Keep Your Servers Cool, And Your Business Hot
February 21st, 2013 By: Industry Perspectives
Gary Bunyan is Global DCIM Solutions Specialist at iTRACS Corporation, a Data Center Infrastructure Management (DCIM) company. This is the 10th in a series of columns by Gary about “the user experience.” See Gary’s previous columns on Turning DCIM’s Big Data into Actionable Insight and Unlock Your Capacity By Unplugging Your Ghost Servers.GARY BUNYAN
With more and more computing resources being deployed in denser and denser data center spaces, it’s no wonder data center professionals are focused on cooling. The data center is now at the epicenter of today’s hottest businesses, essential to their competitive positioning and market success. But no matter how dense the data center gets, its servers, blades, and other IT assets must be kept cool.
Cooling is an expensive necessity in many data centers. Customers – like the one in the Middle East I was just visiting – are always looking to provide just the right amount of it.
What’s the “right” amount of cooling? It’s the perfect balance between under- and over-cooling in a consistent flow across all of your assets. Not enough cooling and the servers are at risk. Too much cooling and you’re spending more on energy than you need. Uneven cooling and you get thermal inconsistencies – areas either too hot or too cold. The right amount of cooling – and you’re running the most efficient infrastructure possible, minimizing both your cooling costs and your risk.
The trick is to use a DCIM solution that offers you live data about thermal conditions at the individual server level, and sends you real-time alerts if a threshold is in potential of being reached. Instead of guessing about server temperatures, DCIM gives you actual inlet and outlet readings at the device level in your dashboards. Armed with this knowledge, you can run a “lean machine” that minimizes cooling while keeping your assets safe. This tightrope can only be walked safely if you have real-time information at your fingertips. Guesswork is way too dangerous.
Beware of Thermal Hot Spots
Using a DCIM tool with visualization lets you identify, manage and resolve potential hot spot issues on your floor before they turn into problems. The key is to be proactive, not reactive. Here’s how it works:
Forensics: Identifying the Source of the Hot Spot
(1) A thermal hot-spot alert goes off in your DCIM environment. If you’re using a visualization tool, you can instantly see the problem area highlighted in red. The alert is being fed by real-time data from any number of sources depending on your environment – Intel DCM, Power Assure, RF Code, or other data feeds. With a few clicks, you interrogate the alert and learn that rising temperatures in the top U positions of 3 racks are about to go critical.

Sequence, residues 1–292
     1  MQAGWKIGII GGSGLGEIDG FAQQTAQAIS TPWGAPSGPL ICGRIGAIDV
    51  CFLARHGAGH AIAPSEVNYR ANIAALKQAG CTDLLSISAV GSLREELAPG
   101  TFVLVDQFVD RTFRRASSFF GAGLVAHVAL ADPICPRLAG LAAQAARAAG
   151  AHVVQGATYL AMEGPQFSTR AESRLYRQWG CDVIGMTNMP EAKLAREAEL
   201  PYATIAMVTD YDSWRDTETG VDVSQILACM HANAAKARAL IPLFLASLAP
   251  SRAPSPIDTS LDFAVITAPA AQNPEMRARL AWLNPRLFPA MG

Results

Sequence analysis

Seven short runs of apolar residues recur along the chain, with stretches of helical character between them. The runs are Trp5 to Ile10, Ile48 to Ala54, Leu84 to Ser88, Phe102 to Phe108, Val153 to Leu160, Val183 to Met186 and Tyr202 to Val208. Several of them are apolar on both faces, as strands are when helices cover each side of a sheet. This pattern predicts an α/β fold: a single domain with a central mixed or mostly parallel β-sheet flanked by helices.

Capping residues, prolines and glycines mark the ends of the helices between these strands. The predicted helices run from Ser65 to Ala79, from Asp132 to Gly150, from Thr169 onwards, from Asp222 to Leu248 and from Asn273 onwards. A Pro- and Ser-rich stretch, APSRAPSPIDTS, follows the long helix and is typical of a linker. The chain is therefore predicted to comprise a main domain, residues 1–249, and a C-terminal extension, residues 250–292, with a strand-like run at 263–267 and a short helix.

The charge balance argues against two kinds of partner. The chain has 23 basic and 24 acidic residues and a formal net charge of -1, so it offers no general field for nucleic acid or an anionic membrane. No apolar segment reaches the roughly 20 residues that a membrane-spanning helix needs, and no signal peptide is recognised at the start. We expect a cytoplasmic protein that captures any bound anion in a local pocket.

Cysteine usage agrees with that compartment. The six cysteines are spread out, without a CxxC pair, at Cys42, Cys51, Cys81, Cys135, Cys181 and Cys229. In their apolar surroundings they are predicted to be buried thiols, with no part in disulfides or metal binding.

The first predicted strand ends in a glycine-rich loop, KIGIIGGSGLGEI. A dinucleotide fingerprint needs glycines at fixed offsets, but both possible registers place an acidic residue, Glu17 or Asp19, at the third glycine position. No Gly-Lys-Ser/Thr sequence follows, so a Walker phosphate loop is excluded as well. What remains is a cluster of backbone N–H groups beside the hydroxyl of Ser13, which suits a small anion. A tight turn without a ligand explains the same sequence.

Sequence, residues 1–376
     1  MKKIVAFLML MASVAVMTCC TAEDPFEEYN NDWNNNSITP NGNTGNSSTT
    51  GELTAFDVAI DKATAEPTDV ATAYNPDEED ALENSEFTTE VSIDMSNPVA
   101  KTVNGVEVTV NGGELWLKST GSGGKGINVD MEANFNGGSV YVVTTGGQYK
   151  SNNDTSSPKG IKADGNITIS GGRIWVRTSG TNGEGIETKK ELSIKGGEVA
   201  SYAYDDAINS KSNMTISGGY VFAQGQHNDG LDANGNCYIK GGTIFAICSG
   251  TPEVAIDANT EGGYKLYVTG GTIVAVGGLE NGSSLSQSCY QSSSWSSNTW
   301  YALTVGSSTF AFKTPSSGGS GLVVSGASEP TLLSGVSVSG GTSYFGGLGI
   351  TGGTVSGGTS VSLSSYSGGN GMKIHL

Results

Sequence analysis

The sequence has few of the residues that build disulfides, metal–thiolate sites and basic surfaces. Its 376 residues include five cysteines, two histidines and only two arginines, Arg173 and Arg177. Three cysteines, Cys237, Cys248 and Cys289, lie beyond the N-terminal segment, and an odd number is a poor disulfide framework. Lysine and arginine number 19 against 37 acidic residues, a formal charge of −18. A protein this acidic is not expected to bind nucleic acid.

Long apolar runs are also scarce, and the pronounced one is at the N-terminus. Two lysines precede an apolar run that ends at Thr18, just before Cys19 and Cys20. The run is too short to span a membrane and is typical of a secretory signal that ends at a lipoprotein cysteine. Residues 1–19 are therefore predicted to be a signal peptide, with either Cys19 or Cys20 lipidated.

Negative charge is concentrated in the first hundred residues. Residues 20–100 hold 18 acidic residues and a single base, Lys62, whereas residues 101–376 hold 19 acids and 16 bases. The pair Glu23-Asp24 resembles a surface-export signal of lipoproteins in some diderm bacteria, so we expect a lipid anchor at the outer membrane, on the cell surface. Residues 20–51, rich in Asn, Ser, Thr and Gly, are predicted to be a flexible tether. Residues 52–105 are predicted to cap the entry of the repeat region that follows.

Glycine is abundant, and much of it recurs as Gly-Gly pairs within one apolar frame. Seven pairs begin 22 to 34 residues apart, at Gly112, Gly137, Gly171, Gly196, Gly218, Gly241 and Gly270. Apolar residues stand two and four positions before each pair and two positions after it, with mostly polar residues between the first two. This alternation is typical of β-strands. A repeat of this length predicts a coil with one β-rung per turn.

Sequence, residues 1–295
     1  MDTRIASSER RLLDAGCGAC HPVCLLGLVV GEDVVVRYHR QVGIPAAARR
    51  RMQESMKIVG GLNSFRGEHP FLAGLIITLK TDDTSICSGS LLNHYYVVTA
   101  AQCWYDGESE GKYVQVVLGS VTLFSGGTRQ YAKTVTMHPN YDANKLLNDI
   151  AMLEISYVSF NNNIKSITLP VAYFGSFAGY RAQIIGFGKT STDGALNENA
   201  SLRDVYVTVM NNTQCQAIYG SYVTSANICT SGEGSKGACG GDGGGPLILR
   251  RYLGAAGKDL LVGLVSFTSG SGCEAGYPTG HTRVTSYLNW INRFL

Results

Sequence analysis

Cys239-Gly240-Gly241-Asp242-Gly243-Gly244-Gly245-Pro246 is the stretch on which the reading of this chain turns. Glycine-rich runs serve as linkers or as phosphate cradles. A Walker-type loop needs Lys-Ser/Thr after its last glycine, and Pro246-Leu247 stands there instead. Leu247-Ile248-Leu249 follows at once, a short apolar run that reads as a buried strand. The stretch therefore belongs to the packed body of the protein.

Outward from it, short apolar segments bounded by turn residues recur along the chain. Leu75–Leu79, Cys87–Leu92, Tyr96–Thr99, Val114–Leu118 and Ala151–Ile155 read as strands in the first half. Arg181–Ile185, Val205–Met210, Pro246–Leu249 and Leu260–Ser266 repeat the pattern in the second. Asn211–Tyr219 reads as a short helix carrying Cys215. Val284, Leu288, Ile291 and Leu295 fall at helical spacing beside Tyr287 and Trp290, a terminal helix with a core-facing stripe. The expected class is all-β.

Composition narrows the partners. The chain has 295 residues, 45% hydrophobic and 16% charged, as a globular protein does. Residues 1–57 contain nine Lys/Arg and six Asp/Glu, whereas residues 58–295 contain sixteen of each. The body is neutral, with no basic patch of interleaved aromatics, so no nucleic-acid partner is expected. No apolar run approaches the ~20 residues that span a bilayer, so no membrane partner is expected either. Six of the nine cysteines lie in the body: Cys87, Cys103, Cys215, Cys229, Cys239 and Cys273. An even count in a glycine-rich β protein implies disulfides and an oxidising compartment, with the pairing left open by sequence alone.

(2) You run forensics at the device level, looking at a live data feed of inlet and outlet temperatures from each affected server. You confirm that server inlet/outlet temperatures have exceeded thresholds.
(3) With a few clicks – still within the DCIM system – you review maintenance schedules and reports. You learn that a CRAC unit is still offline, past its scheduled repair window.
(4) With a few more clicks, you interrogate the servers under threat and identify which business unit owns them – you confirm they are revenue-generating applications with direct impact on profitability. So you must take action immediately.
Resolution: Migrating the Applications to a Safer Environment
(5) Using DCIM’s predictive what-if scenarios, you quickly determine where you can move the applications running on the endangered servers – you need to migrate them to cooler IT assets with the appropriate power and connectivity.
(6) You confirm your migration strategy in the safety of the DCIM software and give your technicians a clear set of instructions – complete with automatically-generated 3-D diagrams – so they know exactly what to do.
(7) You confirm with the business unit and secure approval to move the applications, then dispatch your technical teams to execute the move.
(8) Once you’ve confirmed that the CRAC maintenance has been completed and the CRAC unit is back online, you migrate the applications back to the original servers.
The Bottom Line – Uninterrupted Revenue for the Business
Identifying and resolving hot spot issues is relatively easy when you have the right DCIM tools. And the benefits are quantifiable:
- Optimum business continuity – the organization’s revenue-generating applications continue operating with no impact on customer service or revenue streams.
- Uninterrupted service levels – you continue to meet your SLAs.
- Mitigating risk associated with maintenance – you use the incident to improve maintenance scheduling and minimize potential future risk to operations.
See Gary’s previous columns on Turning DCIM’s Big Data into Actionable Insight and Unlock Your Capacity By Unplugging Your Ghost Servers.
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